Still in crisis: ethnic cleansing of Rohingya

A mob of nationalist Buddhists and Myanmar security forces attacked Rohingya villages in 2017 as retaliation to the militant liberation group Arakan Rohingya Salvation Army, which had previously assaulted 30 security outposts in Myanmar. The systemic burning of 288 Rohingya villages along with rapes and murders has been called a “textbook example of ethnic cleansing” by the United Nations, prompting a mass exodus of over 750,000 Rohingya out of the estimated 1.1 million population.

Since the crisis began in 2017, the United Nations has called the Rohingya the world’s most persecuted people, and their plight is said to be the world’s fastest growing refugee crisis.

Doctors Without Borders found that even in the most conservative estimates, more than 6,700 Rohingya including 730 children under the age of five were killed between August 25 and September 24, 2017.

The Rohingya themselves have documented many of the detailed horrors, providing video evidence depicting charred human remains, houses burned to the ground and bodies of women and children strewn about. Satellite imagery has even shown bulldozed villages, but the primary source comes from 875 in-depth interviews of witnesses and victims conducted for a 444-page UN report which was published September 17, 2018. The report included testaments of gang rape, children ripped from their mother’s arms and thrown into rivers, executions, mass graves and other similar assaults.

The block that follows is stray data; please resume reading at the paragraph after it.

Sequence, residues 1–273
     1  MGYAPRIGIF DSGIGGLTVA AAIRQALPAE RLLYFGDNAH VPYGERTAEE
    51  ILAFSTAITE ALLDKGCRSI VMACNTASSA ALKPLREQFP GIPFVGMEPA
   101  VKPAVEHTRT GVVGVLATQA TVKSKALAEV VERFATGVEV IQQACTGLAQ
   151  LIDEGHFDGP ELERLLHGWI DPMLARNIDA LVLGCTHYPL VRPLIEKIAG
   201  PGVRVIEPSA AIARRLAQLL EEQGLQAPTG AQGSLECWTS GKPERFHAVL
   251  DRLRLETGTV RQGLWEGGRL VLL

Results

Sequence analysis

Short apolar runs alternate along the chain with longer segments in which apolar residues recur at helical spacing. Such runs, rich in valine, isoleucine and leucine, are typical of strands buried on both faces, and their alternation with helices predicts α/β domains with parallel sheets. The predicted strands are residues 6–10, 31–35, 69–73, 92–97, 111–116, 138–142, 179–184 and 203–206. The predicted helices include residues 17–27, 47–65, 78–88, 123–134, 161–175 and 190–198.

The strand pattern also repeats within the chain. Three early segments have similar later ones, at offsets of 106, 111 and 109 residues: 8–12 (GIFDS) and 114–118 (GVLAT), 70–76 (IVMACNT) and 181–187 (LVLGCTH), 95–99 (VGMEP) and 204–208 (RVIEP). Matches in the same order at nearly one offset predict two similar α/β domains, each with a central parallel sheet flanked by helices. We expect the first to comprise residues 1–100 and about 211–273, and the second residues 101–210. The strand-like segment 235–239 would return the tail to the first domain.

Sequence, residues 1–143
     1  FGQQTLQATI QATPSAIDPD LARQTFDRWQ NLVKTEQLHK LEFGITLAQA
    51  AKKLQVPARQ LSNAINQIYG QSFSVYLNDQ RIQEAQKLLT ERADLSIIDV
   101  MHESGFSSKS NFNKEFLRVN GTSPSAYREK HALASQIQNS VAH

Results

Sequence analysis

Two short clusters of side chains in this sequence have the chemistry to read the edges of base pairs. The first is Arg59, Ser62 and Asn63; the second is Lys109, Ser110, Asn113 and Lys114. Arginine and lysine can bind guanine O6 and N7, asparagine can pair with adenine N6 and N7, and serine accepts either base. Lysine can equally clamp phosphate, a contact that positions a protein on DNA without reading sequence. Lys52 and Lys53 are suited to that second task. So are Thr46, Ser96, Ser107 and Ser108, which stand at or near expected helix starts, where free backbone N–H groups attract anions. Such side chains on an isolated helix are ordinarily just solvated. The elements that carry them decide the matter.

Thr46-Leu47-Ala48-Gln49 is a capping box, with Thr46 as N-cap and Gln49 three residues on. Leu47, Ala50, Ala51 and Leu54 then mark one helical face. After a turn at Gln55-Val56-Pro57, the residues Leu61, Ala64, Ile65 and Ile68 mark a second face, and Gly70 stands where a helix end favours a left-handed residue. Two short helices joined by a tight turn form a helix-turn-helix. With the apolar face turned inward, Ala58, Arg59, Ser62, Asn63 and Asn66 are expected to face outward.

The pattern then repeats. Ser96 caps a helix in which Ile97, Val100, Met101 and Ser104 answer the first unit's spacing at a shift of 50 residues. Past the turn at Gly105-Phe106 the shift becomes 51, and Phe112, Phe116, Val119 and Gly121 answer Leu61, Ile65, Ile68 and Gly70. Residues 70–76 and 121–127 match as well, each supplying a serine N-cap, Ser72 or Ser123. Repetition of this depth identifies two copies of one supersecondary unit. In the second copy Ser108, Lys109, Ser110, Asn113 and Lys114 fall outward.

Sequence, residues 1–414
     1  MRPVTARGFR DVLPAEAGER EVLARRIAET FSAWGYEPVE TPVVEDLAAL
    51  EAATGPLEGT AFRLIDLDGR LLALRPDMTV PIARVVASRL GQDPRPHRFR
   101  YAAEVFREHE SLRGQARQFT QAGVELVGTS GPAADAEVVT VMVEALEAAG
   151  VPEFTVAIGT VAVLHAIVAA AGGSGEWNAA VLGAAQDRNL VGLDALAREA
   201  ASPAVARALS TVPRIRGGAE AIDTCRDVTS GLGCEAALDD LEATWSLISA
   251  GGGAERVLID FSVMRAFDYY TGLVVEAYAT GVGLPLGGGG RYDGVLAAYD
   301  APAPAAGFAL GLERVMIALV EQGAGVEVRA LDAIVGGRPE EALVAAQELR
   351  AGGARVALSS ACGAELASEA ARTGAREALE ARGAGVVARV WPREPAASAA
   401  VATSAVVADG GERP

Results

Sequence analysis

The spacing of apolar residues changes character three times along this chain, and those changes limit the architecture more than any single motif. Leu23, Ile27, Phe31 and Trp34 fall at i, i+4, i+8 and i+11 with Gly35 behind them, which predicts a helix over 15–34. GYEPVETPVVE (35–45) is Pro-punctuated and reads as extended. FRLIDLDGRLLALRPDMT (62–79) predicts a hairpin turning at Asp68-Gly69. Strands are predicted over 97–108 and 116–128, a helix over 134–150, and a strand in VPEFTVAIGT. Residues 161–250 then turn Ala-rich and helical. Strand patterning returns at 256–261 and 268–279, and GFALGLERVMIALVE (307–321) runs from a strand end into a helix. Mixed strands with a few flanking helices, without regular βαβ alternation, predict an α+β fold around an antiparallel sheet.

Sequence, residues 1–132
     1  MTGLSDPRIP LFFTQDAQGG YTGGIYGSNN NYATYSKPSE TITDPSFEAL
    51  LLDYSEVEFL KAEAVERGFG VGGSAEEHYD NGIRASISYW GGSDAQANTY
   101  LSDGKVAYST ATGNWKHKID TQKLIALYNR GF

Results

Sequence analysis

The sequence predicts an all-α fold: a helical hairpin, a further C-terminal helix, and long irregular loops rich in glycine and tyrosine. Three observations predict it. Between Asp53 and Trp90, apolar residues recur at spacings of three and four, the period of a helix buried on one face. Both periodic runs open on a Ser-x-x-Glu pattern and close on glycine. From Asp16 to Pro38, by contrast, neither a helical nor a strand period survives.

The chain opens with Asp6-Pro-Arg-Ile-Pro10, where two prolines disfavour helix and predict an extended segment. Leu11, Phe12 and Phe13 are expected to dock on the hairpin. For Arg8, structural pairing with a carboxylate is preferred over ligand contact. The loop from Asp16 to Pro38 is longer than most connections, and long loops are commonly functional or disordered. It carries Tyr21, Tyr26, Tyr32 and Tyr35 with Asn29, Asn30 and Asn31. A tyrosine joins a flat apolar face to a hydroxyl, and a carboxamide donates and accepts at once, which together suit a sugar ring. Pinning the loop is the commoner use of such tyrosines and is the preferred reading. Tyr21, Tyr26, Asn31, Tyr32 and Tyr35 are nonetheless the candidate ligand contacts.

One survivor recounted her experiences, stating, “I entered the house with four of my neighbours, and three of us had babies…There were dead bodies on the floor, young boys and older men from our village. After we entered the house, the soldiers locked the door. One soldier raped me. They stabbed me in the back of my neck and in my abdomen. I was trying to save my baby who was only 28 days old but they threw him on the ground and he died. The other women who were there were also raped. It was late in the afternoon when I became conscious. I awoke because small flames were dropping from the roof onto my body. I was the only one who survived in that room. I could barely move, but I realised I was going to burn to death. Although my baby was dead, I held him close to my heart, but I could not bring his body with me.”

Around 2 p.m. on Aug. 17, 2017, the village of Chut Pyin was subjected to a brutal clearance operation in which they were killed by military forces and neighboring ethnic Rhakine using gunfire and knives. A survivor described the event via the report, stating “If people were not killed by the gunshots, they were slaughtered to make sure they were really dead.”

Most Rohingya refugees made it to the Kutupalong camp, Bangladesh’s largest refugee camp which housed over 20,000 refugees at its peak. However, with the rapid influx of refugees, many overflowed into unregistered expansion sites. As of June 30, 2018, the UNHCR had a population count of 888,111 refugees inside Bangladesh, of which only 45,777 resided in the Kutupalong or Nayapara registered camps.

Despite a heritage dating back to the antiquity of the Arakan kingdom, the Rohingya are an unrecognized Muslim minority from the Rakhine state of Myanmar, previously known as the Arakan state. While many trace their heritage to Arab traders of British-occupied Myanmar, the Rohingya were excluded from the 2014 census altogether and labeled as illegal Bengali migrants, thereby denying them access to education, healthcare and other rights and benefits.